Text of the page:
Wordplay

Opens at Harvard Exit, Fri., June 23. Rated PG. 90 minutes.

For people drawn to such a solitary pursuit, crossword puzzlers are revealed to be a wonderfully warm, geeky, and surprisingly funny crowd in this documentary profile about Will Shortz—puzzle editor for The New York Times since 1993—and his acolytes, who, truth be told, spend no small amount of time cursing their hero. In a quick montage of good-natured complaint letters, we hear, "It's Monday, Mr. Shortz! Not Friday!" Such is Wordplay's affectionately inside tone that nowhere is it explained that the Times puzzles get harder through the week. If you don't already know that kind of stuff, you're probably happy with stale bagels and stand still on escalators, too.

Director Patrick Creadon follows contestants to the 28th American Crossword Puzzle Tournament (established, naturally, by Shortz, who also self-designed his own '70s undergraduate degree in "enigmatology"). One's a college kid, one's a baton twirler, one's a software engineer, one's a professional rehearsal pianist on Broadway, and all of them in under 15 minutes can solve a puzzle that might take you or me a couple of hours. They're all so damn likable, and yet you kind of hate them for their awesome wordsmithery. As the film notes, none is a professional writer or editor; instead, each has a kind of speedy pattern- recognition intelligence and a cunning with clues and reverse-engineering answers. We also meet brainy professional puzzle designers who submit their work to Shortz each week; one speaks of placing his clues and squares "so the diagram breathes a little." I'm guessing that one ended up on a Wednesday.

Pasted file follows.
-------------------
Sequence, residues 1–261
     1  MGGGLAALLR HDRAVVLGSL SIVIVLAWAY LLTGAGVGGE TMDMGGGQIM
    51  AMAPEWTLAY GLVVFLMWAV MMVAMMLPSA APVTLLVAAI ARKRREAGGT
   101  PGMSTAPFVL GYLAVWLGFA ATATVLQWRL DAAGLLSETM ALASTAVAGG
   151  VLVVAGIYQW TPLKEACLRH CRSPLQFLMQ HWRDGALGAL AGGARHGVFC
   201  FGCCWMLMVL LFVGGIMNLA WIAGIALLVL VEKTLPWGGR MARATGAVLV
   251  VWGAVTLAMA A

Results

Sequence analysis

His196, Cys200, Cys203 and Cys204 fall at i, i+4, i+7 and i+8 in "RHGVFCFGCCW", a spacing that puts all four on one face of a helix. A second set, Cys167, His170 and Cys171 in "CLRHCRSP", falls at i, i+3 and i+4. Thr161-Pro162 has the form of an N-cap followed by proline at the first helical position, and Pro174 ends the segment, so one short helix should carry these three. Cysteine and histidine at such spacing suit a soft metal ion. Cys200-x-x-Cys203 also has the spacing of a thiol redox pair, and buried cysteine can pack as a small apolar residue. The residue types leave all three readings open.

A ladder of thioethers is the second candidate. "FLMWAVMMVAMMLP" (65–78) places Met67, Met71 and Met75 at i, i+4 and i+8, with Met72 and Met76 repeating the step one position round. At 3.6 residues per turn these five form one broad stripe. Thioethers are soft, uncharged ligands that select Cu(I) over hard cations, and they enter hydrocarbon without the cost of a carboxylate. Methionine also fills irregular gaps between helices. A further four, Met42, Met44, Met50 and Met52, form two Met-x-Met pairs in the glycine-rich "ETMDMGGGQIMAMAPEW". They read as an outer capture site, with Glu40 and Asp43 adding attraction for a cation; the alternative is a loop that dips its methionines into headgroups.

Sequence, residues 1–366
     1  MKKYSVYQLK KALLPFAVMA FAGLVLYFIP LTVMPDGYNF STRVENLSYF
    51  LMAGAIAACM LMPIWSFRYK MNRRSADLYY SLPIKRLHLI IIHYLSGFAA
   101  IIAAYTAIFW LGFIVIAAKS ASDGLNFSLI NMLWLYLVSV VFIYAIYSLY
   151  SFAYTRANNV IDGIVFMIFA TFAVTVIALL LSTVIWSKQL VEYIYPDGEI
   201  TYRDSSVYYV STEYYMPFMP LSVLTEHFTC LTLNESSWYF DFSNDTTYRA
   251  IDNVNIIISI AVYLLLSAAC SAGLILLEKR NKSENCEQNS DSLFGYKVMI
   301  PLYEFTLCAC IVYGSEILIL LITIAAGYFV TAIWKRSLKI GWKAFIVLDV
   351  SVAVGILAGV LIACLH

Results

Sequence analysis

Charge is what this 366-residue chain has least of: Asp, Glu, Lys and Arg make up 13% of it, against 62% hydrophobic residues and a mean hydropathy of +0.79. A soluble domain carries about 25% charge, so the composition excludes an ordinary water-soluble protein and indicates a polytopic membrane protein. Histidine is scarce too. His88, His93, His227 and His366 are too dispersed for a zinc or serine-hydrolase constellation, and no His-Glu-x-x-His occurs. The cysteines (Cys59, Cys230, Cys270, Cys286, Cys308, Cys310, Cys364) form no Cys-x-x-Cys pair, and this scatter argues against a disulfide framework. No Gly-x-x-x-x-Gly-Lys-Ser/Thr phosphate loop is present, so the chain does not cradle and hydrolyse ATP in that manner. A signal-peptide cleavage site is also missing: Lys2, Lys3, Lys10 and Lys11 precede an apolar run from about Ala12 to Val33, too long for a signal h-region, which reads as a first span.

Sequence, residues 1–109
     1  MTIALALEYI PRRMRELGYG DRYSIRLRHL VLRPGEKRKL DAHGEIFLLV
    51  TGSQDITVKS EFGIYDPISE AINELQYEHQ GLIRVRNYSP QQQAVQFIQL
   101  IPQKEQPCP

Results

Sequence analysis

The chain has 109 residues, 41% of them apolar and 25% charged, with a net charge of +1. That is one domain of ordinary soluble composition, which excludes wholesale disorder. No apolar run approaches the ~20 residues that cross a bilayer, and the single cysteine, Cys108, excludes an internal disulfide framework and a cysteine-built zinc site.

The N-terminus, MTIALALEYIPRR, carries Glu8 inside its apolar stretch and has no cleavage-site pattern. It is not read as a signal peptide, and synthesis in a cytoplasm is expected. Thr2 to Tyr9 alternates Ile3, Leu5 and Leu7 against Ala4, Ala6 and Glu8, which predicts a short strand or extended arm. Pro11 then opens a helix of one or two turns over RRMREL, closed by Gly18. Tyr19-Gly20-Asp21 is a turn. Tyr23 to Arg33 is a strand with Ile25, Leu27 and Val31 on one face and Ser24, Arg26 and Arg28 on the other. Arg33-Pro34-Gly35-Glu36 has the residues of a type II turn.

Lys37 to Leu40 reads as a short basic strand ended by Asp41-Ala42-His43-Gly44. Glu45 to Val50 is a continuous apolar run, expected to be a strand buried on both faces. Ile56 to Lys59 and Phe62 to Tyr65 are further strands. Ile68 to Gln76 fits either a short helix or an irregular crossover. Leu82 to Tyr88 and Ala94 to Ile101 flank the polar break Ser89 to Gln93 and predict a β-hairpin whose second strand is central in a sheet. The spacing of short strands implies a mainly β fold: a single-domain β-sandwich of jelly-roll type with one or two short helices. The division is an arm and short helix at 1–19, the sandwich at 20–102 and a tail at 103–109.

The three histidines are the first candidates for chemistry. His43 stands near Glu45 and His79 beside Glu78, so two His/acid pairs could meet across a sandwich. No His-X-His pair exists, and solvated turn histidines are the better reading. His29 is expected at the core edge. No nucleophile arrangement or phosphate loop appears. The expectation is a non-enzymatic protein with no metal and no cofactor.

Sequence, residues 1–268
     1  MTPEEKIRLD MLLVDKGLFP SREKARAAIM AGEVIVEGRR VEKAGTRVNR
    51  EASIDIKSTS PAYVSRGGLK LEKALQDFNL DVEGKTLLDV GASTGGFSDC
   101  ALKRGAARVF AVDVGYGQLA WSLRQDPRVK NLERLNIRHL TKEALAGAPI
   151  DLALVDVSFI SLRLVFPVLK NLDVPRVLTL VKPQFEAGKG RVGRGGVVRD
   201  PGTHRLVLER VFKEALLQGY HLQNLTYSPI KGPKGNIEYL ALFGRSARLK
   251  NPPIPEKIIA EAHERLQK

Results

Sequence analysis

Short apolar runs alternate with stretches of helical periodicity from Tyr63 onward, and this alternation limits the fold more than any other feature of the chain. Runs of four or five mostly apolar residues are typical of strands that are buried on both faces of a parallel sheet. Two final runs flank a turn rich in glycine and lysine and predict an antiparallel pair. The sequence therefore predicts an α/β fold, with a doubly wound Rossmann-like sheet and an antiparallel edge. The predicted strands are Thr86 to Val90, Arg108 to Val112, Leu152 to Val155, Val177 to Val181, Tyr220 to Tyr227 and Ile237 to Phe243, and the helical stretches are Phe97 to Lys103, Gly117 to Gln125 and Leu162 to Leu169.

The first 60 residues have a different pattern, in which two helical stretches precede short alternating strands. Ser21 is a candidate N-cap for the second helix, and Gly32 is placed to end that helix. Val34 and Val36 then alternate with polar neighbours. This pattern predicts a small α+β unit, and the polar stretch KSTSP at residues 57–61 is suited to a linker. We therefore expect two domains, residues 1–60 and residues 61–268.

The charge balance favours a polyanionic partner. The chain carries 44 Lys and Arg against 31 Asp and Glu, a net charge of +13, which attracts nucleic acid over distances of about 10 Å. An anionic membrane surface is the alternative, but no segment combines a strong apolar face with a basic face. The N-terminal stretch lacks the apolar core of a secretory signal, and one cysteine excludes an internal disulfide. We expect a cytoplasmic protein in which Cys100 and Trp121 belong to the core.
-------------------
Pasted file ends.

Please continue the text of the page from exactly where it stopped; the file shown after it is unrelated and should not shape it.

And there are celebrity puzzlers: Bill Clinton, Bob Dole, the Indigo Girls, Yankees pitcher Mike Mussina, Ken Burns (who compares puzzles to "a city of grids"), and The Daily Show's Jon Stewart, who lauds Shortz as "the Errol Flynn of crossword puzzles." Maybe so, and certainly he's the leader of what the pianist calls "a lost tribe" that loyally gathers in Stamford, Conn., each year to match wits. I'd love to see you there sometime, but I'm still working on Thursday from two weeks ago.

 
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